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  • Writer's pictureCostello Safety

OSHA deregulation continues: New 2018 fed agenda shows slowdown in new rules.

Updated: May 11, 2018

The Trump administration has released its regulatory agenda for 2018, showing a big slowdown in new rules across the board. For OSHA, there are just over two dozen new rules that are still in the works.

The feds released the Unified Agenda of Regulatory & Deregulatory Actions for Fall 2017. The agenda reports on the actions that administrative agencies (such as OSHA) plan to issue in the near and long-term.

Trump’s administration projects the following regulatory developments for 2018:

Agencies (such as OSHA) plan to finalize three deregulatory actions for every new regulatory action. That’s more than the two-to-one plan President Trump announced in an executive order last year.

Nearly 1,580 federal regulations have been withdrawn or delayed.

OSHA currently has 16 regulations in various stages of the Department of Labor’s Fall 2017 rule list, including:

- Communication Tower Safety (in the pre-rule stage, with the next action expected to be in March 2018)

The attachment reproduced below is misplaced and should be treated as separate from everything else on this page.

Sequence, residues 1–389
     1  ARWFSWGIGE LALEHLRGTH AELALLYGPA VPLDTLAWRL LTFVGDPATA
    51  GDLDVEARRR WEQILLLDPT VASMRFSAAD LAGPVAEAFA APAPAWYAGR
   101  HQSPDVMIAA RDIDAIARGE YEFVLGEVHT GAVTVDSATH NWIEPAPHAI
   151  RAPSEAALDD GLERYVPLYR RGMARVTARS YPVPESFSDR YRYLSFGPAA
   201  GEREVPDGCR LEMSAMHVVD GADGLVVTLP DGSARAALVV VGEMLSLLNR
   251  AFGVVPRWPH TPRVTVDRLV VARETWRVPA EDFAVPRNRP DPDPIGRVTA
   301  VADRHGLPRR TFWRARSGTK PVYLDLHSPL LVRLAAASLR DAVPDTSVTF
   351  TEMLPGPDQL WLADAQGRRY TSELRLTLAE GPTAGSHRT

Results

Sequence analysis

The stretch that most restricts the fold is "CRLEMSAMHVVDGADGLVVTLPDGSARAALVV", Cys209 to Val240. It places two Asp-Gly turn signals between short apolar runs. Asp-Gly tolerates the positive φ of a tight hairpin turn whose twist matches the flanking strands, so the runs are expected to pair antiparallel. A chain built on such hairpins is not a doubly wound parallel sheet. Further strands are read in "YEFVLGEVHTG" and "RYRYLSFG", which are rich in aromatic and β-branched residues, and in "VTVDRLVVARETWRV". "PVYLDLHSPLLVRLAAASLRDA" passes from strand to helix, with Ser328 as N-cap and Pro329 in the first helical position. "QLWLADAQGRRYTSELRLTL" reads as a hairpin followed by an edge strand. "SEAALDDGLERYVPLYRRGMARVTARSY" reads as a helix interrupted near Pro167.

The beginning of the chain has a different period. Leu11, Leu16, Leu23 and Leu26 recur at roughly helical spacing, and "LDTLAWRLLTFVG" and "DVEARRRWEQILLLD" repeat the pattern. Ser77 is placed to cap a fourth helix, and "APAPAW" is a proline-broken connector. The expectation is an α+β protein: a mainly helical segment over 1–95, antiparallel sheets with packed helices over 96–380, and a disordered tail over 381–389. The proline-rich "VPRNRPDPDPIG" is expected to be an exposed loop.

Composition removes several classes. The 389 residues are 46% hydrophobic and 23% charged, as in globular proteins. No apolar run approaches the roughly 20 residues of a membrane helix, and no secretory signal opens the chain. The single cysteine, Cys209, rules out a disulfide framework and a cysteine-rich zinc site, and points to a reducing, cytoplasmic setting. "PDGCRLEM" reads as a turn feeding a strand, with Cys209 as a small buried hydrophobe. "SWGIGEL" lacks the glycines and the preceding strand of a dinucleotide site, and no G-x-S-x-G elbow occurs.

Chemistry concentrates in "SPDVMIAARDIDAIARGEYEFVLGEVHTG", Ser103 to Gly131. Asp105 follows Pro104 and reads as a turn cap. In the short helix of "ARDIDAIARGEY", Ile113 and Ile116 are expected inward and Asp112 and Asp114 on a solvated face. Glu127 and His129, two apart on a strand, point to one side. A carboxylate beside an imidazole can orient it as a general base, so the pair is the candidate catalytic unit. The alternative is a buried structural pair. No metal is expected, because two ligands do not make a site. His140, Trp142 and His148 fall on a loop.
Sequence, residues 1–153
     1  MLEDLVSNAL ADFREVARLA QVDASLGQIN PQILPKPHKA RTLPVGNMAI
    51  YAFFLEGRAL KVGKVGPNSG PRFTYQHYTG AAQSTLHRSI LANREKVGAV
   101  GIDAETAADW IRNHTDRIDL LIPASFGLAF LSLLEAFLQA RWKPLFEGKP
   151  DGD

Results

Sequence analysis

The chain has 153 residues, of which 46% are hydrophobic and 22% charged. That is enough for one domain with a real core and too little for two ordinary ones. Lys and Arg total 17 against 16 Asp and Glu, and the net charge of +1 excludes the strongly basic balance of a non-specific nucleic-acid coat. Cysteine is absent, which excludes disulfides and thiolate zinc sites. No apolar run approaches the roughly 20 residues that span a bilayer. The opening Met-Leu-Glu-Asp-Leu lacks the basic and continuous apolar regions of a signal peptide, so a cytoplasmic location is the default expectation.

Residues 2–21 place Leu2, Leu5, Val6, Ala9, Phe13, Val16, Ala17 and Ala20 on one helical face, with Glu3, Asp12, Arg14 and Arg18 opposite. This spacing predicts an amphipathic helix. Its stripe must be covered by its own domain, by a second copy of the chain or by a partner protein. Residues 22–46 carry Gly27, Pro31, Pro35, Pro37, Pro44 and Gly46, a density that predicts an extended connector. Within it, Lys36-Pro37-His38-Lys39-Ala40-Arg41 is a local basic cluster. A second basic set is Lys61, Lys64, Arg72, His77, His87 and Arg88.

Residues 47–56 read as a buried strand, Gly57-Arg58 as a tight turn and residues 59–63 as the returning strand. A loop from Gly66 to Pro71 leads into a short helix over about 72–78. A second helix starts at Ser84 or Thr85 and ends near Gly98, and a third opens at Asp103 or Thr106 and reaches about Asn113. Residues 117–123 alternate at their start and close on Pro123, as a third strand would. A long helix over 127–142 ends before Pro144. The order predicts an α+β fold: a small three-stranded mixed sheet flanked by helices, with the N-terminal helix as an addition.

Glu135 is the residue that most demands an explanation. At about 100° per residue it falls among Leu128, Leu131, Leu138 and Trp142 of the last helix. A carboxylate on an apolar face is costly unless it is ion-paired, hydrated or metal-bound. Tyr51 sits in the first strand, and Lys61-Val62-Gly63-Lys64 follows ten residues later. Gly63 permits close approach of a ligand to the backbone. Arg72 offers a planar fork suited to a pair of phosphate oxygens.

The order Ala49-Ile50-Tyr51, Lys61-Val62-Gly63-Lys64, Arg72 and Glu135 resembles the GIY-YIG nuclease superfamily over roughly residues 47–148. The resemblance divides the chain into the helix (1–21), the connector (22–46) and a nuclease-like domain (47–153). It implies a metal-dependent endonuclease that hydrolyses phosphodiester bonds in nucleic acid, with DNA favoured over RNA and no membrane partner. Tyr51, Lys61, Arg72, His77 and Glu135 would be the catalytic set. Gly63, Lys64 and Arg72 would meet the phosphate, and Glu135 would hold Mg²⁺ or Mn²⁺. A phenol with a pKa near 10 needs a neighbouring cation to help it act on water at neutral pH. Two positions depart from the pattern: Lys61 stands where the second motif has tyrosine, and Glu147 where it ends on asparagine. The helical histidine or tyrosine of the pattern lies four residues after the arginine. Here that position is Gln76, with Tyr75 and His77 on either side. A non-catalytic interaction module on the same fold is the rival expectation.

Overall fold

- Mechanical Power Press Update (pre-rule stage, March 2018)

- Powered Industrial Trucks (pre-rule, January 2018)

- Lockout/Tagout Update (pre-rule, April 2018)

- Blood Lead Level for Medical Removal (pre-rule, July 2018)

- Amendments to the Cranes and Derricks in Construction Standard (proposed rule stage, September 2018)

- Cranes and Derricks in Construction: Exemption Expansions for Railroad Roadway Work (proposed, December 2017)

- Puerto Rico State Plan (proposed, June 2018)

-Tracking of Workplace Injuries and Illnesses (proposed, December 2017)

- Occupational Exposure to Beryllium (final rule stage, September 2018)

- Standards Improvement Project IV (final, February 2018)

- Quantitative Fit Testing Protocol: Amendment to the Final Rule on Respiratory Protection (final, September 2018)

- Crane Operator Qualification in Construction (final, November 2017)

- Technical Corrections to 16 OSHA Standards (final, February 2018), and

- Improve Tracking of Workplace Injuries and Illnesses (final, November 2017).

Other regs listed as ‘long-term’ actions

OSHA has also listed long-term regulatory actions, such as:

- Occupational Injury & Illness Recording & Reporting Requirements – Musculoskeletal Disorders Column

- Infectious Diseases

- Process Safety Management and Prevention of Major Chemical Accidents

- Shipyard Fall Protection – Scaffolds, Ladders and Other Working Surfaces

- Emergency Response and Preparedness

- Update to the Hazard Communication Standard

- Tree Care Standard, and

- Prevention of Workplace Violence in Health Care and Social Assistance.

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